The time of year is upon us when hearts and roses and all things red appear in our shops and in our vocabulary, especially here in the UK. We spoke to members of our international team to find out how love is expressed in other languages around the world.
English has no shortage of love-filled phrases and the language is littered with idioms to help people express how they feel:
Around February 14th, you may be head over heels for someone because they have caught your eye and you have completely fallen in love with them. In Spanish, it can be love at first sight (Ser un flechazo) and if so, in French, living on love and fresh water (Vivre d'amour et d'eau fraîche) would be enough for you to survive. In Flemish, you might get butterflies in your tummy (Vlinders in de buik hebben) when you encounter the person that you are in love with and if it all gets too much, in German, you may be thinking Love! Love! Let me go! (Liebe! Liebe! Lass mich los!)
In the end, you might have to surrender yourself to your fate as, in Czech, every fight with love is lost before it starts (Kažný boj s láskou je předem prohraný).
Once you have accepted that your heart belongs to someone, you may not want to look twice at anyone else. In Chinese, you won’t be interested in the rivers and hills after you have seen the magnificent ocean and mountain (曾经沧海难为水，除却巫山不是云 ).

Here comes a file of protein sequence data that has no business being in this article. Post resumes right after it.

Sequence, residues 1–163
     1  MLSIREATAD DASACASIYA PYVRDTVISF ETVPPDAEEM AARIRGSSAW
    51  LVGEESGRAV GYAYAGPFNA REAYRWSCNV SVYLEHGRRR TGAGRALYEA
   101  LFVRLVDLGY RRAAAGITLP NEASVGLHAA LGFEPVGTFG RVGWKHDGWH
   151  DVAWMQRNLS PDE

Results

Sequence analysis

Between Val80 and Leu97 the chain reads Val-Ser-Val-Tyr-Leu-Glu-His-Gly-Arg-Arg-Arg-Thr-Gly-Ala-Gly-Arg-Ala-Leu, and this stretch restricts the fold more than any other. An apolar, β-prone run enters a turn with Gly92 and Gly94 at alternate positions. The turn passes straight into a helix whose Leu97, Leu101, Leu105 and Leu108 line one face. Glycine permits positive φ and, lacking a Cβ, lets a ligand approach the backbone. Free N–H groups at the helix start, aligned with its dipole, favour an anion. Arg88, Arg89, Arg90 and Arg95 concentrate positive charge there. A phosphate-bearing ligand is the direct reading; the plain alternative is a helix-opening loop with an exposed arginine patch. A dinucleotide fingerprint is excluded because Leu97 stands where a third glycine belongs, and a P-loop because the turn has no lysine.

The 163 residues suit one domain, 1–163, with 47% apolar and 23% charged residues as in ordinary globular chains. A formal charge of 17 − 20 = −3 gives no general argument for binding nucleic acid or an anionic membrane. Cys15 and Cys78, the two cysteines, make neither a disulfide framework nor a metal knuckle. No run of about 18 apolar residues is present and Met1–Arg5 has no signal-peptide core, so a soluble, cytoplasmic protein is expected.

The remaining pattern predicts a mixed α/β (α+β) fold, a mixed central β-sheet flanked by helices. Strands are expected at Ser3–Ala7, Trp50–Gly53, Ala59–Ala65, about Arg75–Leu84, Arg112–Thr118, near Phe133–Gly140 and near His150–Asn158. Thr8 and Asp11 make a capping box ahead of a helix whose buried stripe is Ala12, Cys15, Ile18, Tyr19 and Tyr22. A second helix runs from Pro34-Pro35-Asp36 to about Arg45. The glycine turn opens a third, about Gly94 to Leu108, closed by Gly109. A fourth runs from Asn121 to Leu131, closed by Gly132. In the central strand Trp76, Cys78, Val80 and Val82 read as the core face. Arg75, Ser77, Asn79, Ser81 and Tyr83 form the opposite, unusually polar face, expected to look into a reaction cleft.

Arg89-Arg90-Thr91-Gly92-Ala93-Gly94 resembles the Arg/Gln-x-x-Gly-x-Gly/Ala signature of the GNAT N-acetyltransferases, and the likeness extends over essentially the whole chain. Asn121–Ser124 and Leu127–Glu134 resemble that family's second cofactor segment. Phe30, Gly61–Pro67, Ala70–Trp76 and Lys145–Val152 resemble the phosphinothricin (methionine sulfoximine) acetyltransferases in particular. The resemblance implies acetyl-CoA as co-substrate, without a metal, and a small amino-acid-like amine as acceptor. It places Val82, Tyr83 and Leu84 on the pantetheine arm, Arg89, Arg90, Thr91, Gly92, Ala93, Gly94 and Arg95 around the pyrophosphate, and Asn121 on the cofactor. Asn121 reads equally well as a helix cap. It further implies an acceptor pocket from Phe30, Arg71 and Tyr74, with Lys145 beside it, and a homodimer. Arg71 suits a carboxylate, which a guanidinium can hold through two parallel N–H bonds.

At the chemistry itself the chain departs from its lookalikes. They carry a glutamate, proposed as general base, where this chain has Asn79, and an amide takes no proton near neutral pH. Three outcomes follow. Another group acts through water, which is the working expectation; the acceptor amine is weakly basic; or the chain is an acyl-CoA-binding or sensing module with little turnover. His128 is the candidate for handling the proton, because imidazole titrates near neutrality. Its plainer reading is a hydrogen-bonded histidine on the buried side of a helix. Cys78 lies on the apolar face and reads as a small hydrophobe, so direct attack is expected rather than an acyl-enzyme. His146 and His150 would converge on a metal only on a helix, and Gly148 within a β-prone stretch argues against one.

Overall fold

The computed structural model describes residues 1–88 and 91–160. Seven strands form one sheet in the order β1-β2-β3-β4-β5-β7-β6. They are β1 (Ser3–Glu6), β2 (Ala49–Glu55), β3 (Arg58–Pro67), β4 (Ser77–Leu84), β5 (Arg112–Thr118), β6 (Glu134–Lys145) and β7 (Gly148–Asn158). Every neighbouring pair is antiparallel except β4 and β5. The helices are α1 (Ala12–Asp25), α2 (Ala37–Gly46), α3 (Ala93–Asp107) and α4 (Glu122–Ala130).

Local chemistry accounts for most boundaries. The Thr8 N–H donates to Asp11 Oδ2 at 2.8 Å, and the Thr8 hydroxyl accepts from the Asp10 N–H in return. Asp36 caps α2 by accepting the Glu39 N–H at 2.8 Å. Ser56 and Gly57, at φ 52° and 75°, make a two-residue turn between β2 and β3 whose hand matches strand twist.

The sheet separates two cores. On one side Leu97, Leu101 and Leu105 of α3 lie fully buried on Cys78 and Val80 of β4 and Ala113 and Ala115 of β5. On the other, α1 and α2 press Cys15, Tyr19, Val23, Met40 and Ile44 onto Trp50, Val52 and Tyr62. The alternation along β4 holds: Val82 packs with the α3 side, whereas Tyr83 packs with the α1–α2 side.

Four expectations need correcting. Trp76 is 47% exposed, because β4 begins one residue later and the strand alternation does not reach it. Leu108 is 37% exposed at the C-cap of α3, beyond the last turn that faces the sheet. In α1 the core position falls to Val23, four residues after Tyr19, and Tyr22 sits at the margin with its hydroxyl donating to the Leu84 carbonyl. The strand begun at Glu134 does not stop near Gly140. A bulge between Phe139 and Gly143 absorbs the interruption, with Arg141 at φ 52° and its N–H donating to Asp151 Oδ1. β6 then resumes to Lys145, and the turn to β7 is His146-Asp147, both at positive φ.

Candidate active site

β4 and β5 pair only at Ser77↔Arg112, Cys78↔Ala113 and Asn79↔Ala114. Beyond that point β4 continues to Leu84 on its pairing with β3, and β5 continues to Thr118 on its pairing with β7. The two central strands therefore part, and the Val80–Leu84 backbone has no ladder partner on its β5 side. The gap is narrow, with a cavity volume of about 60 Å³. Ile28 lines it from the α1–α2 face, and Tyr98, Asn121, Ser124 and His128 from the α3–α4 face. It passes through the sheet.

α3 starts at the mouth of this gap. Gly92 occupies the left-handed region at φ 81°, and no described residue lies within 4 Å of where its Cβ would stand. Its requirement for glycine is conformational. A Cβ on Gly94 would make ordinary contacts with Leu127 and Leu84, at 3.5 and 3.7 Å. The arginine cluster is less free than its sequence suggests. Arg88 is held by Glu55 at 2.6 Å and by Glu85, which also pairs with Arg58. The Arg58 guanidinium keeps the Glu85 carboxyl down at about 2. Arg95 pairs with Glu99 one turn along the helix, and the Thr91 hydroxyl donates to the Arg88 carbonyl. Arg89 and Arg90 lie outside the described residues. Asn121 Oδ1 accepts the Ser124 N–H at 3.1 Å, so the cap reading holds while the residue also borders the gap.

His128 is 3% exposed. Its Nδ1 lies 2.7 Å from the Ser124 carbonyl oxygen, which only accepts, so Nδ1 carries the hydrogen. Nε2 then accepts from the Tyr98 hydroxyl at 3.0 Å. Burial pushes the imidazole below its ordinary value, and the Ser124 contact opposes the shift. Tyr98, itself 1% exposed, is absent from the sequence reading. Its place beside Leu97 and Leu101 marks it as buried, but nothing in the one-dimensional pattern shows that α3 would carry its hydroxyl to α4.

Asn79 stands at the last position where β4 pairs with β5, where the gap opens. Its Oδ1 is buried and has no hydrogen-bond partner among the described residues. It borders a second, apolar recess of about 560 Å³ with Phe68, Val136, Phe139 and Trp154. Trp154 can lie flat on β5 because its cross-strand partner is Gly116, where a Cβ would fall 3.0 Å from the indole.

Happily secluded in lover’s paradise, you’ll only have eyes for each other and daily concerns will melt away. In Brazilian Portuguese, you’ll love one another as if tomorrow doesn’t exist (É preciso amar as pessoas como se não houvesse amanhã).
Butterflies and water alone may be the flutters of the young but, in Dutch, falling in love at an older age is often more intense because when an old barn catches fire, there’s no putting out the flames (Als een oude schuur brandt, is er geen blussen aan). However, the course of true love never did run smooth and in European Portuguese you would be advised not to throw rockets before the party has started (Não attires foguetes antes da festa).
We should also spare a thought for those who have not been struck by Cupid's arrow. In French, some people are lucky at cards, but unlucky in love (Heureux au jeu, malheureux en amour) while the Italians are more cautious as they know that love may be blind but bad luck can see very well (L'amore è cieco ma la sfiga ci vede benissimo). That caution in Czech is all the more guarded because often love is like the moon, it starts to wane once it has been full (Láska je jako měsíc. Když doroste, zmenšuje se).
The optimism of the Irish is a relief and comfort as sometimes an ill wind blows fair.
From everyone at GlobaLexicon we hope your St Valentine’s Day is full of love whoever you spend it with and we will be on hand to help with any of your own love language requests.
“A heart to love, and in that heart, Courage to make’s love known”